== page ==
Researchers use cellphones for real-time traffic information

A real-time traffic information system called , has generated some by using GPS-equiped cellphones to find congestion ahead.

Researchers at U.C. Berkeley are using anonymous speed and position information from drivers with GPS-equipped mobile phones and combining it with data from static traffic sensors. The information is then sent back to the phones, so drivers can make informed and immediate travel decisions.

If, for instance, the system is telling you Route A is crowded just as you are approaching it, the phone may then suggest Route B.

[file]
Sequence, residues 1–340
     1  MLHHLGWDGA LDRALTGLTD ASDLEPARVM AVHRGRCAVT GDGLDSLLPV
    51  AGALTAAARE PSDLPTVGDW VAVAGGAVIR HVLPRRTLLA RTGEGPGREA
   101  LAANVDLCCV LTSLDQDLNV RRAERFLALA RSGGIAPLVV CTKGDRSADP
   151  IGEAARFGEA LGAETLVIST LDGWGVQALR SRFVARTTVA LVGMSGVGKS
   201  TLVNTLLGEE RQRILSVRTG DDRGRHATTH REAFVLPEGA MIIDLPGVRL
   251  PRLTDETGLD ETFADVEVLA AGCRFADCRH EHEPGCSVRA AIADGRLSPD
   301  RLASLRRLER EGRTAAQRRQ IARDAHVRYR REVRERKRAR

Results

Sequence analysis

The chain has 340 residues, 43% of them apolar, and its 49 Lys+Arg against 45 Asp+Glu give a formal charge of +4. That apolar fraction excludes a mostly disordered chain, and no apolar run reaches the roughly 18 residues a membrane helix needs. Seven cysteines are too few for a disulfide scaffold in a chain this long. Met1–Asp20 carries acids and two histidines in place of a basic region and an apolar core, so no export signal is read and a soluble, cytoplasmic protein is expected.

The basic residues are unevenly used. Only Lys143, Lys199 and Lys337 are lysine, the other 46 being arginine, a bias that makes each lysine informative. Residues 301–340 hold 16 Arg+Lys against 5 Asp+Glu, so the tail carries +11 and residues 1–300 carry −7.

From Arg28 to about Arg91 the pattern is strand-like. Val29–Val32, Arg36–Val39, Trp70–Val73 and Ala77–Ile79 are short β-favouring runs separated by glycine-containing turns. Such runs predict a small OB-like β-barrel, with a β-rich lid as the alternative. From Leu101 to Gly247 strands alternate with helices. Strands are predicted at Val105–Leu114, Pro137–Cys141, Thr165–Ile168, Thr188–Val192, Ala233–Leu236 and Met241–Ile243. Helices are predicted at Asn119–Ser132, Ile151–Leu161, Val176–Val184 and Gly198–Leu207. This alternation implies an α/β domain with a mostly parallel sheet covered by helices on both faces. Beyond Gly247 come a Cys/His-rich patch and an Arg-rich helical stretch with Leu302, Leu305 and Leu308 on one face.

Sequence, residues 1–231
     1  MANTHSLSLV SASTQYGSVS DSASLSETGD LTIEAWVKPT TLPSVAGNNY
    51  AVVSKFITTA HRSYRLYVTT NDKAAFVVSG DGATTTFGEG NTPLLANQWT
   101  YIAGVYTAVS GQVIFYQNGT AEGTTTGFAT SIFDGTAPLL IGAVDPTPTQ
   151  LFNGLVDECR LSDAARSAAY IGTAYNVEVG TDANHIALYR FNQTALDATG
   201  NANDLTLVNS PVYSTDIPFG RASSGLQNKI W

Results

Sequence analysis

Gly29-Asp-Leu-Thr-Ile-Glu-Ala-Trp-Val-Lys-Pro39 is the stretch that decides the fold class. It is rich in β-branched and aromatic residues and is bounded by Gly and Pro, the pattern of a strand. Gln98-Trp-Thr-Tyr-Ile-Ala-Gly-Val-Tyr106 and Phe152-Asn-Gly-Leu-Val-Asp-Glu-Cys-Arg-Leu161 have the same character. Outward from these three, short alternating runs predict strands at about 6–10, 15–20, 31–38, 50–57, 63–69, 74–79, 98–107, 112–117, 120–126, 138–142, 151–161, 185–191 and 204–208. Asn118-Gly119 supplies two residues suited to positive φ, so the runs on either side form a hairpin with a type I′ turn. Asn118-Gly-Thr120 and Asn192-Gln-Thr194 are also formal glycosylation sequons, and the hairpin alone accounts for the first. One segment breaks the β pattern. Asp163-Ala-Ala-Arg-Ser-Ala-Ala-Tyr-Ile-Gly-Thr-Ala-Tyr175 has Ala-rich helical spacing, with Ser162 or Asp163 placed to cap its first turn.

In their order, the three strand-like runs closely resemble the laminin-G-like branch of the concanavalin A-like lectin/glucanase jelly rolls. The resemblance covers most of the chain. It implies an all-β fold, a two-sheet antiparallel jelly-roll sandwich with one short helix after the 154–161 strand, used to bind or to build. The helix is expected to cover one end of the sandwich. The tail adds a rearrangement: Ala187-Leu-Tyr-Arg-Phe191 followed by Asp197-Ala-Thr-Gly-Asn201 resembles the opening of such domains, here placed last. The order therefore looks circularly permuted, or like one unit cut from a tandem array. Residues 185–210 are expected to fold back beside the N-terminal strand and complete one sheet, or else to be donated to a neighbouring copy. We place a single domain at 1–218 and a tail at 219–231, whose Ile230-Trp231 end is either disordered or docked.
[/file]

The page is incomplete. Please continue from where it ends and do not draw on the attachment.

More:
"Because of the high penetration rate of people with phones on the road, we hope to be able to gather information at a much, much larger scale than ever before," U.C. Berkeley engineering professor Alex Bayen, who heads the project, .

The researchers have tested the publicly available pilot program on several Blackberry and Nokia phones, including the BlackBerry Curve 8310, the BlackBerry Pearl 8110, the Nokia E71 (Unlocked), the Nokia N95.

The traffic information system is provided free of cost thanks to support from Nokia, Navteq, and UC Berkeley and a partnership with the California and U.S. Departments of Transportation.